The book’s second section, “Ideology and Critique in Japanese Games”, turns more specifically to how social issues in Japan have been explored through games. The fourth chapter looks at family structures in the Japanese role-playing game (JRPG) genre, and particularly at how the common trope of protagonists with dead or absent parents stems from the real-world breakdown of the family unit. The fifth chapter follows on by focusing on the JRPG series Final Fantasy [1987–2020], noting how it comments on nuclear issues through allegories about dangerous technology. Unfortunately, this chapter cuts off shortly after raising its most interesting point: that the nature of Japan’s nuclear anxieties has shifted since the 2011 Fukushima disaster, from centring on “the American other to the Japanese Self” (147), and that the nuclear allegories in Final Fantasy have also shifted accordingly. The third chapter in this section extends the theme of nuclear discourse, but marries it with a discussion about bioethics and genetic manipulation, playing various Final Fantasy titles against games from the Metal Gear [1987–2018], Tekken and Resident Evil [1996–2020] series. Hutchinson’s argument here is that both issues centre around anxieties about the nuclear—“genetic manipulation in the human body, and the unleashing of nuclear power”—and therefore draw on themes such as ethics and responsibility (173).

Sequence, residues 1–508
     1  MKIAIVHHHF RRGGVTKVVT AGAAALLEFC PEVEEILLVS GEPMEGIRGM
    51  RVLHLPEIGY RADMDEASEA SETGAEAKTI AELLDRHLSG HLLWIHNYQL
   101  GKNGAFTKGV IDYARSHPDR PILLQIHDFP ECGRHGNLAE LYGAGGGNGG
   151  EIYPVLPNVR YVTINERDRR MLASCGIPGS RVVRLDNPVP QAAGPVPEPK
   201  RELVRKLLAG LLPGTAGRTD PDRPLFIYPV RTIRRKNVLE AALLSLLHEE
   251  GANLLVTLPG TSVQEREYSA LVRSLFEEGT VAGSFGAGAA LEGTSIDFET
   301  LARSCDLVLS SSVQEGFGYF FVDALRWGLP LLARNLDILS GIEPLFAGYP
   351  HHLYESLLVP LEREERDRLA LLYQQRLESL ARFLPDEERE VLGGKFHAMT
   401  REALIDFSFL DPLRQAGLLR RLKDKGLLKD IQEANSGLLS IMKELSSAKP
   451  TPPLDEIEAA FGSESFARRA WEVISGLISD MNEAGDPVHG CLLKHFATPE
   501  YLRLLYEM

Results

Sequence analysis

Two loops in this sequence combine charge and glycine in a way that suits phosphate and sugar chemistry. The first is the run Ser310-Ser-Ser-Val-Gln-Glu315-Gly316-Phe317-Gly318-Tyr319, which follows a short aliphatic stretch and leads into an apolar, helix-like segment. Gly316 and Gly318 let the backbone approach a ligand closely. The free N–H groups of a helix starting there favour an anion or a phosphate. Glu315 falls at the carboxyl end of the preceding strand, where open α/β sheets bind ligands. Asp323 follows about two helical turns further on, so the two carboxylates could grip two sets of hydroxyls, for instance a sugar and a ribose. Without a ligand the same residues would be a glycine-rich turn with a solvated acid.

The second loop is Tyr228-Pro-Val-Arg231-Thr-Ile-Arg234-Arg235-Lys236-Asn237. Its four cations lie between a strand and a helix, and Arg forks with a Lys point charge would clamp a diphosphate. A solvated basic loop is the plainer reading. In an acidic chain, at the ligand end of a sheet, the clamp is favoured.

In the book’s final section, “History, Memory, and Re-Imagining War”, Hutchinson turns to the way that Japanese games contribute to discourses around war, violence and colonialism. The seventh chapter is perhaps the book’s most convincing, and certainly the one which ties together its arguments most satisfyingly. It compares Japanese games about war to Western games about war, pointing out key differences in both genre and thematic treatment. While Western games about war tend to be gritty, realistic shooters set during or after the twentieth century, Japanese games about war tend to both belong to other genres, and take place centuries in the past.
Hutchinson argues that these marked differences stem from the very different outcomes for Japan and the Allies in World War II, rendering the theme of modern warfare “extremely problematic” in the Japanese context (189). The book’s last two chapters examine, respectively, the legacy of Hiroshima in the Metal Gear series, and the way that Japan’s colonial history (especially in regard to Korea) is obscured in a number of titles.